When the first season of “Parenthood” debuted, we were all struck by Max Burkholder‘s performance as Max Braverman, a young boy whose Asperger’s syndrome diagnosis caught his family off-guard. It’s the most in-depth, frank storyline about a child on the Autism spectrum that we’ve seen on television. This season, as Max entered high school and his world opened up a bit, his mother, Kristina (Monica Potter) was diagnosed with breast cancer. The combination of Kristina’s incredibly heartbreaking struggle with her illness and Max’s inability to relate on an emotional level makes for a powerful moment in tonight’s episode, “You Can’t Always Get What You Want.”
Zap2it visited the set last month during the filming of this episode, in which Max — the newly elected class president — decides he’s not interested in attending his school dance, because he’s more concerned about funding the vending machines. In comparison to the previous episode’s devastating chemotherapy storyline, her son’s reluctance to go to the dance may seem like a small issue for Kristina. But for her, it means more than that.
We were (not surprisingly) a bit misty-eyed after watching Potter and Burkholder film a scene in which Kristina teaches her son to slow dance. Potter tells us that after fighting through her first bout of chemo-related illness, Kristina is still hopeful about beating cancer, but she’s been forced to admit that there is another possible outcome.
“She sees him in his dress shirt and there’s that glimpse of her thinking,
‘What if I’m not here when he goes to prom? What if I’m not here when he
gets married? What if this is the one time that I’m going to be able to
see him all dressed up, going out?'” Potter says. “That’s why she was so pushy
in having him go.”
Burkholder explains, “It’s more of Kristina’s moment then Max’s. She’s the one pushing him to do
the dance. It’s not really registering for Max.”
Because of the way his Asperger’s manifests itself, Max processes his mother’s cancer differently than, say, his sister Haddie might. “He understands that
she’s sick, but on less of an emotional level and more of a practical level,” Burkholder says. “For him, it’s like this — if she’s sick from chemo, she can’t make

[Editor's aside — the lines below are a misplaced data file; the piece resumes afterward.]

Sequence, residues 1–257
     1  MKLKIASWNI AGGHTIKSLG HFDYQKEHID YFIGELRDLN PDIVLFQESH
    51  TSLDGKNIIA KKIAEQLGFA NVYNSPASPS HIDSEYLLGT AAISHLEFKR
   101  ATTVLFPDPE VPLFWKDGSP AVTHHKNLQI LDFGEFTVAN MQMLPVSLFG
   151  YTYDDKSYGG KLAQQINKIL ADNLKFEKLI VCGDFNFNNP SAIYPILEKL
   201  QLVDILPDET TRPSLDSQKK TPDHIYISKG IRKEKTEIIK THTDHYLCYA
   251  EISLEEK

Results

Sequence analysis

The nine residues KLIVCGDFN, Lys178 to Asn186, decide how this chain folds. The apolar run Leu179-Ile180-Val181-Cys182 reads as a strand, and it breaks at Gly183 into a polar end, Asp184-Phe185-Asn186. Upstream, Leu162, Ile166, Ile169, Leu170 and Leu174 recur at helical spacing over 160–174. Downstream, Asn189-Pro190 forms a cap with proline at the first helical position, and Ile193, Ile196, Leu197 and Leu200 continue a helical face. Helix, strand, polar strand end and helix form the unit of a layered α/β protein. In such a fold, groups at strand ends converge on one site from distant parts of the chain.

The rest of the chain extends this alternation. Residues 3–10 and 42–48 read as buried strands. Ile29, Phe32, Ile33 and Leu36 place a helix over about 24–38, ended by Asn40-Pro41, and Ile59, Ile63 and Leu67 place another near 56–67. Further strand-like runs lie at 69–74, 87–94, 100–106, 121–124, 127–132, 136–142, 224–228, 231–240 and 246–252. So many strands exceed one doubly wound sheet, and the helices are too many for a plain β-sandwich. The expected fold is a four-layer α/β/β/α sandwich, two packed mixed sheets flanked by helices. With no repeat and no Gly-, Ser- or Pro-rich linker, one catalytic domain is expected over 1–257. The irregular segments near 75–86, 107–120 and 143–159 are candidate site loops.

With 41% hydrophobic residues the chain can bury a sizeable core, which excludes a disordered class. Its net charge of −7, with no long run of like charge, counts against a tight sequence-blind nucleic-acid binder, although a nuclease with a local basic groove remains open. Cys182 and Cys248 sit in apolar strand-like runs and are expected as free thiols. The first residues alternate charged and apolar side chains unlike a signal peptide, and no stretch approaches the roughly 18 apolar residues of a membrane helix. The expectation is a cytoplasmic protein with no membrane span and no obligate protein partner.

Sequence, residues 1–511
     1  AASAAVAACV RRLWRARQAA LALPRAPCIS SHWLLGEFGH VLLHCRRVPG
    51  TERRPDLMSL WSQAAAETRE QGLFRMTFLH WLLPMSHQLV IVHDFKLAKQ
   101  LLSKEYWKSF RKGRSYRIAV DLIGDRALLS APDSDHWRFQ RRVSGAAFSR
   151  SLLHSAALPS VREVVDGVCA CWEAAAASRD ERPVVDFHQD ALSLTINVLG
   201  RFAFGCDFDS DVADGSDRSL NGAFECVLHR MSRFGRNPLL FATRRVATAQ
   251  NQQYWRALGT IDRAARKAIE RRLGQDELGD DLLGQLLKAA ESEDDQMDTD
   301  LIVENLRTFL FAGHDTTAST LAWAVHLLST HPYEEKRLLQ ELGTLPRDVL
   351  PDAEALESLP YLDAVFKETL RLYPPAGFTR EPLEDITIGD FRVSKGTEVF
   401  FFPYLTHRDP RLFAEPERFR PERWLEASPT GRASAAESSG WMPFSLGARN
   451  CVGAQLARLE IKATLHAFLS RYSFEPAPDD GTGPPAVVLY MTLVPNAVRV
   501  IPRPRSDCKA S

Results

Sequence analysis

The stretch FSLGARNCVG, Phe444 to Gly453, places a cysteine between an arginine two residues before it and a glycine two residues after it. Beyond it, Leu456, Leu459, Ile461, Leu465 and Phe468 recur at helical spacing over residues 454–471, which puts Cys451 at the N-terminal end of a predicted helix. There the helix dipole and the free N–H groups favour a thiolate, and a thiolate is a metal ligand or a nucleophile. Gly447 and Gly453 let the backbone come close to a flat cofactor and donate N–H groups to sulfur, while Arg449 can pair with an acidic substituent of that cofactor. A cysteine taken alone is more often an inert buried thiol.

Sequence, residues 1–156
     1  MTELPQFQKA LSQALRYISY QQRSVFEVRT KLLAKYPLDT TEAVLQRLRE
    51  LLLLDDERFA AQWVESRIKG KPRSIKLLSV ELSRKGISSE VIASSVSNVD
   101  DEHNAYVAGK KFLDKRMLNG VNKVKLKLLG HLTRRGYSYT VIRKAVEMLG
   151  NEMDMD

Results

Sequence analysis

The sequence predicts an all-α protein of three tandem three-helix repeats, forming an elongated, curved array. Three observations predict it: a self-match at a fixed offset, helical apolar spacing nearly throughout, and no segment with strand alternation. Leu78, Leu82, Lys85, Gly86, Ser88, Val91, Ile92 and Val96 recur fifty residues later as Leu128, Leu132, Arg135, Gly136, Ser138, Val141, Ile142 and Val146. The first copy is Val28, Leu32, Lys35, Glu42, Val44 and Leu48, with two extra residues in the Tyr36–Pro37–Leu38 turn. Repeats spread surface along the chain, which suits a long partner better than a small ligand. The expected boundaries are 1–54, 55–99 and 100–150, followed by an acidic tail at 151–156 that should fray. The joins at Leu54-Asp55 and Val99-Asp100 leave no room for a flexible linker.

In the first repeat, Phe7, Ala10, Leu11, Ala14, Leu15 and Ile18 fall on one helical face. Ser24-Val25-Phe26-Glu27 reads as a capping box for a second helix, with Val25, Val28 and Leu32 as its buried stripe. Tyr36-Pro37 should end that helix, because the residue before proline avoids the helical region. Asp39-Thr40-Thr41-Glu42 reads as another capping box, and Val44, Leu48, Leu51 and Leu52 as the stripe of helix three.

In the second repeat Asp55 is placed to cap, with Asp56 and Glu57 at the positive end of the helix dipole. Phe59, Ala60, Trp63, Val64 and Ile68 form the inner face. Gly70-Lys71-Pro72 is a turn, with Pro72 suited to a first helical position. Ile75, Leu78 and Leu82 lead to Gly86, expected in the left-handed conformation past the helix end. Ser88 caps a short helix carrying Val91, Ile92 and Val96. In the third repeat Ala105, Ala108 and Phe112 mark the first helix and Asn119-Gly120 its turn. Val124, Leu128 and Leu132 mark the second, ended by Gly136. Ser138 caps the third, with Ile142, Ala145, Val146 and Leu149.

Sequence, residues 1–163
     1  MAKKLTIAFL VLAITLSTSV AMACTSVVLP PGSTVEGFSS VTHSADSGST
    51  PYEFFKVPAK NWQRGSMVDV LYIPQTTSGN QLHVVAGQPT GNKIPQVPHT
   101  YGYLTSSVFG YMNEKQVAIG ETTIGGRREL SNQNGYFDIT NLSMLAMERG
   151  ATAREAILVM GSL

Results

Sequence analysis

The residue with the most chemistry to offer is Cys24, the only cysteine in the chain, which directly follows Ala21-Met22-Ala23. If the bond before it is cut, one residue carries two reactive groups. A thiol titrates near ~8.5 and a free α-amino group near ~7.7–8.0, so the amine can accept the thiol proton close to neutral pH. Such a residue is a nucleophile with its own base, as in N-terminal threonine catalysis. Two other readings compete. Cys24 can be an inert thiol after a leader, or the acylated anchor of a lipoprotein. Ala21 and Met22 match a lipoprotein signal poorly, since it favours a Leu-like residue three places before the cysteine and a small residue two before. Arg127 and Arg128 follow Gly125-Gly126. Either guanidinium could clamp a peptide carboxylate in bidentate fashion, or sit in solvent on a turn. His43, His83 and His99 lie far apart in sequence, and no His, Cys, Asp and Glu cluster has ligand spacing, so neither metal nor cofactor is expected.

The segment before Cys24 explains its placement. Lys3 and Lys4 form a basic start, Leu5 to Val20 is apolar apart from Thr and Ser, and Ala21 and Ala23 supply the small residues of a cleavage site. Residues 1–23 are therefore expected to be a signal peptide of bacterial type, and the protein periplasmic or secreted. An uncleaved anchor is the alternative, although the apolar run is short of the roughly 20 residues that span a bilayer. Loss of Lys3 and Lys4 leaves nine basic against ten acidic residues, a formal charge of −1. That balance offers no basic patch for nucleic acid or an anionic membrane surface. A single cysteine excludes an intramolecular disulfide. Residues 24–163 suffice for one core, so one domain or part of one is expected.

lunch. If she dies, then she won’t be able to pick me up from school
anymore. He sees it as more of an inconvenience and less of an emotional
Obviously, “Parenthood” is a show driven by emotions. Without shock-value plot twists or evil villains or unexpected scandal, it relies instead on keeping the audience emotionally invested in characters. Sometimes, Burkholder admits, it’s a challenge to play the one character who is emotionally cut-off, particularly in scenes like the dance lesson, where he’s acting opposite someone who is emoting so powerfully.
“It’s a challenge, because I have to keep my own emotional side down, and
not active,” he explains. “Even in Season 4, Max is still a new challenge to me, because he is getting
more involved storylines this year, which is exciting. He is growing. The speech scene was a growing moment for Max — being able to keep calm
and composed with all the eyes on him, and all the sounds. The school
president storyline is about Max growing, but also about how it
catalyzes the emotions in his immediate family.”
Last spring, Potter emailed executive producer Jason Katims to talk to him about potentially introducing a breast cancer storyline for Kristina. She had just come from a routine mammogram, where a mass was discovered in her breast (She’s fine!), and she was inspired to talk to Katims about it. “It’s a very scary process, and I wanted to talk to Jason about it because I knew that Kathy, his wife, had gone through it,” Potter explains. “I emailed him about what happened at the doctor, and he emailed me back
right away and he said, ‘I have the chills. We just broke the story.
Kristina has cancer.'”
In an amusing contrast to Burkholder, though, Potter jokes that she’s far less sensitive than Kristina is. “I’m so happy that Jason chose me to tell the story, because I think it’s important. There are a lot of emotions, especially as a mom — especially as Kristina. Kristina’s so emotional. I’m not that emotional!
I’m funny, I think,” she laughs. “When I told my oldest that Kristina was going to go
through cancer, he was like, ‘Oh man, don’t people get it? You’re funny!’ I said ‘Hon,
the tears are paying the bills right now!'”